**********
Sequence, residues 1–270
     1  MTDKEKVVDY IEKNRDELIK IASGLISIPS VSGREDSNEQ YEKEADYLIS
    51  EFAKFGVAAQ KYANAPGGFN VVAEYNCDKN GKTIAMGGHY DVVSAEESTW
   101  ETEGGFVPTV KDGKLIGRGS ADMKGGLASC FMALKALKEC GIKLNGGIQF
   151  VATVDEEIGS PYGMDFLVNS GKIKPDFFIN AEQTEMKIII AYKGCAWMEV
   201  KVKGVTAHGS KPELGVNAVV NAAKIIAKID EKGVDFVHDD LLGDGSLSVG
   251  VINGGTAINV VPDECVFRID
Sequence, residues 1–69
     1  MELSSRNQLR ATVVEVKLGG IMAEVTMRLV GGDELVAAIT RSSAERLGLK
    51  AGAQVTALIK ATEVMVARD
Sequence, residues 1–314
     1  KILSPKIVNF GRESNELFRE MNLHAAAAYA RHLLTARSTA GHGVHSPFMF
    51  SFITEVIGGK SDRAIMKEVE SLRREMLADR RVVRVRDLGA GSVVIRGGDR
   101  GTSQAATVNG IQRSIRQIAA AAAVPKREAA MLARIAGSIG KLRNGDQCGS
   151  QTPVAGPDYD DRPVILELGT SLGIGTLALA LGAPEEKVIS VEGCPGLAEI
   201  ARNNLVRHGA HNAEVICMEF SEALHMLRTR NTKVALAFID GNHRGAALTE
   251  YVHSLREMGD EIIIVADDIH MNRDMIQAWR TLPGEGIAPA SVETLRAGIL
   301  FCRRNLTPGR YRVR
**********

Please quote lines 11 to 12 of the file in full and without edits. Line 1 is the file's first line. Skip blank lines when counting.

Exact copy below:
Sequence, residues 1–314
     1  KILSPKIVNF GRESNELFRE MNLHAAAAYA RHLLTARSTA GHGVHSPFMF